LITTLE CHAPEL IN THE WOODS
LITTLE CHAPEL IN THE WOODS. The Little Chapel in the Woods is a small nonsectarian chapel on the campus of Texas Woman's University in Denton. The building, ninety feet long and forty-two feet wide, constructed of grey field stone and brick from nearby Bridgeport, has been listed as one of the state's architectural masterpieces. Louis H. Hubbard, president of what was then the Texas State College for Women, obtained an initial donation of $15,000 from the W. R. Nicholson family of Longview, Texas. Additional funds were raised by students, faculty, and alumnae of the college. A competition for the design in 1938 resulted in the selection of O'Neil Ford and Arch Swank, a newly formed partnership; Gerald Rogers was commissioned as design architect for the project, to be assisted by college architect Preston M. Geren, Sr., of Fort Worth. The design included a progression of brick parabolic arches leading toward the altar, which Ford used to express infinity. The chapel was placed a little removed from classrooms and dormitories in a wildflower garden and grove of trees on a slight rise. The structure was built by the National Youth Administration, by the Civilian Conservation Corps,qqv which split local stone into horizontal sheets and slabs and brought it to the site, and by students of the university. Two graduate students designed and made the stained-glass windows and metal light fixtures for the chapel as thesis projects directed by art professor Antoinette LaSelle. By the time of the completion of the chapel in 1941, 500 students had contributed to its construction, art work, and clean-up chores. The chapel was dedicated on November 1, 1939. Eleanor Roosevelt gave the principal address. The Little Chapel in the Woods earned national recognition for Ford and Swank.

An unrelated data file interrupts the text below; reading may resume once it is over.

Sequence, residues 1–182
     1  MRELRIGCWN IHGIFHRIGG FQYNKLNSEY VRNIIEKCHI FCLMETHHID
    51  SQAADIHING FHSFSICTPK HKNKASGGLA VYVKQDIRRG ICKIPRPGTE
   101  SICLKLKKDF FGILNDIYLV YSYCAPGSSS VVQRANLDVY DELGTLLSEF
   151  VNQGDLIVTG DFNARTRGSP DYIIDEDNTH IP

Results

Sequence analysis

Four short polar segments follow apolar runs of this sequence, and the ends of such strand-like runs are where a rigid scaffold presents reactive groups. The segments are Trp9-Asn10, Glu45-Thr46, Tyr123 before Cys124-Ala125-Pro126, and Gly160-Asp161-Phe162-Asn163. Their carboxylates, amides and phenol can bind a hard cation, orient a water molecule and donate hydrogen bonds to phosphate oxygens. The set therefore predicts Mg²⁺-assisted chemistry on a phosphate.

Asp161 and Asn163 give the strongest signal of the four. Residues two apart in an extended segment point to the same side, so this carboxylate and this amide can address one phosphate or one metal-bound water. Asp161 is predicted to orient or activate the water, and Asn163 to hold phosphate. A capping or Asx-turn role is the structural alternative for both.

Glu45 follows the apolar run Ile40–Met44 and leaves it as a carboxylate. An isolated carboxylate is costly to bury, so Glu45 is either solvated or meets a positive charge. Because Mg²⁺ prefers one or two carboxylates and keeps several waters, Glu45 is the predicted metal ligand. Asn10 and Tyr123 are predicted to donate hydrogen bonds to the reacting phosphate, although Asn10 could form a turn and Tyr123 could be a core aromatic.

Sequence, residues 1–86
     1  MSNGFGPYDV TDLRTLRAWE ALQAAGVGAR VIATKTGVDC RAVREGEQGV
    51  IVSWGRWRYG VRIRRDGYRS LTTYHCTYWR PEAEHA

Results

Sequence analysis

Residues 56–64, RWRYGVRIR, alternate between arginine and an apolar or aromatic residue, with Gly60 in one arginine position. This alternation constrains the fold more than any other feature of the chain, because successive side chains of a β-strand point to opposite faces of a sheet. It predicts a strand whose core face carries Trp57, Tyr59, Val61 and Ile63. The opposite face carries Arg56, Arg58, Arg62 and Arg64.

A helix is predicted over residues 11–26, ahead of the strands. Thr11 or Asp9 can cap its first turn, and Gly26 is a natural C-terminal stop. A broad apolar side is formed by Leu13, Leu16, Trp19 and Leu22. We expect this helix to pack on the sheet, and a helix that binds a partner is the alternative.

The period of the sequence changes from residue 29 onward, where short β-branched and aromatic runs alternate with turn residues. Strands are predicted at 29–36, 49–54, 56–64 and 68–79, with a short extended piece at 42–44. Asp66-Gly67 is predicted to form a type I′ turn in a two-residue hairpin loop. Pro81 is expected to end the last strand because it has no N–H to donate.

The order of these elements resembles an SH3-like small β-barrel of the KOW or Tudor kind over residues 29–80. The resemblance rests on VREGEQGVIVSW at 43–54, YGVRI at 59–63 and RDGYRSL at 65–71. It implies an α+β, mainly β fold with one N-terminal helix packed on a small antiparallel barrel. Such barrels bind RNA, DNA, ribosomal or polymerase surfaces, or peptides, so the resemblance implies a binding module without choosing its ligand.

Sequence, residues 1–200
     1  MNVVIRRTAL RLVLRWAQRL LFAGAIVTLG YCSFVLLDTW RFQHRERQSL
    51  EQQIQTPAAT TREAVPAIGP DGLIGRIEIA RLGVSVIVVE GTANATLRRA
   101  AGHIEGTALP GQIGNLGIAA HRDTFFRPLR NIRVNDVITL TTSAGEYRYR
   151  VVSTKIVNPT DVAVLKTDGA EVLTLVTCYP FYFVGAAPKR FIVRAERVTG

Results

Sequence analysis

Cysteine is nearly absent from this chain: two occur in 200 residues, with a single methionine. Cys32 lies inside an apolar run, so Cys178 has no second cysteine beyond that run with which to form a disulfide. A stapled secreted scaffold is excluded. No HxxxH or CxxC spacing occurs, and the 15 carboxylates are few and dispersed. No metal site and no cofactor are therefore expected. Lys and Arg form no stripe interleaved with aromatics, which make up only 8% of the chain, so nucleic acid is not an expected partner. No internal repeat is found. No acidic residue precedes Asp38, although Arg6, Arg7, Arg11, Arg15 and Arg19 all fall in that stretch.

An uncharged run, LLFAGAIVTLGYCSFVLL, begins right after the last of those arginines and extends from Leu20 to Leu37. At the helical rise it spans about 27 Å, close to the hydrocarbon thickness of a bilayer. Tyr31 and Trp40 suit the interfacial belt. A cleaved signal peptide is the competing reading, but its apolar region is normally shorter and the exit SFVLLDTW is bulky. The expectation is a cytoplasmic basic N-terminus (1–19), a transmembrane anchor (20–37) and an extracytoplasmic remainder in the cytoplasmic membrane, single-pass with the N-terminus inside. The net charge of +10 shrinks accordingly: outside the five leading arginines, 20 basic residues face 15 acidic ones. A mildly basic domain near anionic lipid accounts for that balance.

Mary Carolyn Hollers George, O'Neil Ford, Architect (College Station: Texas A&M University Press, 1992). Vertical Files, Dolph Briscoe Center for American History, University of Texas at Austin (Texas Woman's University).
Image Use Disclaimer
All copyrighted materials included within the Handbook of Texas Online are in accordance with Title 17 U.S.C. Section 107 related to Copyright and “Fair Use” for Non-Profit educational institutions, which permits the Texas State Historical Association (TSHA), to utilize copyrighted materials to further scholarship, education, and inform the public. The TSHA makes every effort to conform to the principles of fair use and to comply with copyright law.
For more information go to: http://www.law.cornell.edu/uscode/17/107.shtml
If you wish to use copyrighted material from this site for purposes of your own that go beyond fair use, you must obtain permission from the copyright owner.
The following, adapted from the Chicago Manual of Style, 15th edition, is the preferred citation for this article.Mary Carolyn Hollers George, "LITTLE CHAPEL IN THE WOODS," Handbook of Texas Online (http://www.tshaonline.org/handbook/online/articles/ccleb), accessed February 07, 2016. Uploaded on June 15, 2010. Published by the Texas State Historical Association.
Get Texas history everyday,
with day by day
Each day's email tells a little bit more of the story of Texas and links to our collection of more than 27,000 articles